A University of Virginia department chairman nationally known for his addiction research has resigned less than 10 months after a subordinate won an $820,000 whistleblower lawsuit filed against the school, officials said Friday.
Dr. Bankole Johnson quit his post as chairman of UVa’s Department of Psychiatry and Neurobehavioral Sciences earlier this month. School officials initially were mum on the reason, saying he’d stay on as a professor. But officials said Friday that Johnson had accepted an appointment to lead the psychiatry department at the University of Maryland Medical Center in Baltimore.
Johnson, who could not be reached for comment, sent a farewell letter to faculty members. He said the move would bring him closer to family and friends, and allow him to spend more time on his research.
“This opportunity shall enable me to devote greater focus to my basic and translational science projects, and to advance the field,” he said.
Featured in the 2007 HBO documentary “Addiction,” Johnson is known for his advocacy of medication, rather than 12-step programs or rehabilitation, to treat addiction.
He was named in a lawsuit filed in 2011 by Weihua Huang, a UVa researcher who lost his job after charging that his supervisor altered a grant awarded him by the National Institutes of Health.
Huang claimed Johnson fired him after he reported that Ming Li, a scientist who works in the university’s Center for Addiction Research and Education, misrepresented the amount of time each researcher was spending on a project. The time spent on projects determines how much money each researcher is paid.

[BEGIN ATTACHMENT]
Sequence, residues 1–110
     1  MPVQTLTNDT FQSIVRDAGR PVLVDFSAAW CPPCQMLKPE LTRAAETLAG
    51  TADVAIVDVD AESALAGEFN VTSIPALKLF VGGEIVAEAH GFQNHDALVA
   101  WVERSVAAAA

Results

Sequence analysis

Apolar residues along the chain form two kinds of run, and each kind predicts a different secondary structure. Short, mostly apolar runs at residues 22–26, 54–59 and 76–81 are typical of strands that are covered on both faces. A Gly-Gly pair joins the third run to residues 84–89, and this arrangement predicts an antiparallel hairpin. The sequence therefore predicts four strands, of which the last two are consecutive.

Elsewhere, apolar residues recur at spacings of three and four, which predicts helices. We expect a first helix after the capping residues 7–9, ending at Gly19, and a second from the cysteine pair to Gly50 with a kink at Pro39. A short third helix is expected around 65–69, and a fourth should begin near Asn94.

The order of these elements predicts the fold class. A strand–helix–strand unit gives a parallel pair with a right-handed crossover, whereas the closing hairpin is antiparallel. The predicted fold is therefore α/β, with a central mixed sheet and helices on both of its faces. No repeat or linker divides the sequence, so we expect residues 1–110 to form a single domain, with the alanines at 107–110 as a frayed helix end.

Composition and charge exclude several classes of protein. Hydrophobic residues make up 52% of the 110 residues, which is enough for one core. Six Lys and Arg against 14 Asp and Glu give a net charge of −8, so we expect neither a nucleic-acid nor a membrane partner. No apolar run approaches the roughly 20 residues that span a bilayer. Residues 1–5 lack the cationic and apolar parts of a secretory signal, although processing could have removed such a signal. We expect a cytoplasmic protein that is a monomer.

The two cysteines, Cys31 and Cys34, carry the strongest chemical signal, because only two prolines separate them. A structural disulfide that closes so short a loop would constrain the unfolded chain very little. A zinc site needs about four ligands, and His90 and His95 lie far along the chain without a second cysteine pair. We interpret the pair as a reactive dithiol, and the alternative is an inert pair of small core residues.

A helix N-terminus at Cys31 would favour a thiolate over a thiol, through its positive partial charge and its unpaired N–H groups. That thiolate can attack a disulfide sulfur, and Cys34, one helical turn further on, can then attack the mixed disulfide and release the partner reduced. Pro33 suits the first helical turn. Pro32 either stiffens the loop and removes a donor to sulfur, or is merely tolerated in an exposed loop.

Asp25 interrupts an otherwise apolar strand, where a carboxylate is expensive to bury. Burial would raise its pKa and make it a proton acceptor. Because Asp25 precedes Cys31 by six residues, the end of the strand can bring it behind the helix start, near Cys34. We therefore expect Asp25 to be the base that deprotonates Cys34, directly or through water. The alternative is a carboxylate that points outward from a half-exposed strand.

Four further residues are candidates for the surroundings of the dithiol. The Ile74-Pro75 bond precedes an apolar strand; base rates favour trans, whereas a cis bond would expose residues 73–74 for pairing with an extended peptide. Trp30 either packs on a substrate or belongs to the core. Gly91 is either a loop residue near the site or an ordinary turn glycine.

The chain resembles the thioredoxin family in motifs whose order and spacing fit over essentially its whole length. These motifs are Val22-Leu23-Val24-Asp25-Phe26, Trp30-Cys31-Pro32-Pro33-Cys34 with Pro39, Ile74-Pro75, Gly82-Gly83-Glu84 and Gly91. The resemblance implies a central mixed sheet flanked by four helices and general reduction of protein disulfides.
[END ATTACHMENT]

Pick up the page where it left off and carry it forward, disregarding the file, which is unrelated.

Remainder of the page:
Earlier this year, Johnson declared a potential conflict of interest in one of his research projects. That led the NIH to put a temporary hold on funding for the work until UVa could come up with an oversight plan, officials said.
“The idea here … is to ensure that whatever the outcome is, it’s based on science and research,” Eric Swensen, a spokesman for the UVa Health System, said when asked about the issue earlier this week.
Johnson cited the potential conflict involving his company, ADial Pharmaceuticals, located in the UVa Research Park off Fontaine Avenue in Charlottesville. ADial’s website lists Li on the company’s seven-member Board of Directors, headed by Johnson as CEO.
The project cited in the potential conflict seeks to examine the effects of Topiramate on people with different genetic makeups, Swensen said. According to ADial’s website, the company is developing two drugs to help treat alcoholism. Topiramate is listed as an ingredient in one of the drugs.
Titled “Pharmacogenetic Treatments for Alcoholism,” the project received $543,690 in NIH funding in 2012. It was supposed to receive $417,578 by the end of this year.
That money won’t come, however, until the university hosting the project produces the oversight plan, officials said. That task will follow Johnson and the project to the University of Maryland, Swensen said. The plan would include an ombudsman to oversee the management of school and federal grant money.
Dr. Anita H. Clayton will step in as interim director of UVa’s Department of Psychiatry and Neurobehavioral Sciences, Swensen said. The university will conduct a national search for Johnson’s successor, Swensen said.
Swensen sent an email to faculty saying Johnson was leaving to pursue a new opportunity.
“We want to wish Dr. Johnson the best in his future endeavors,” Swensen said.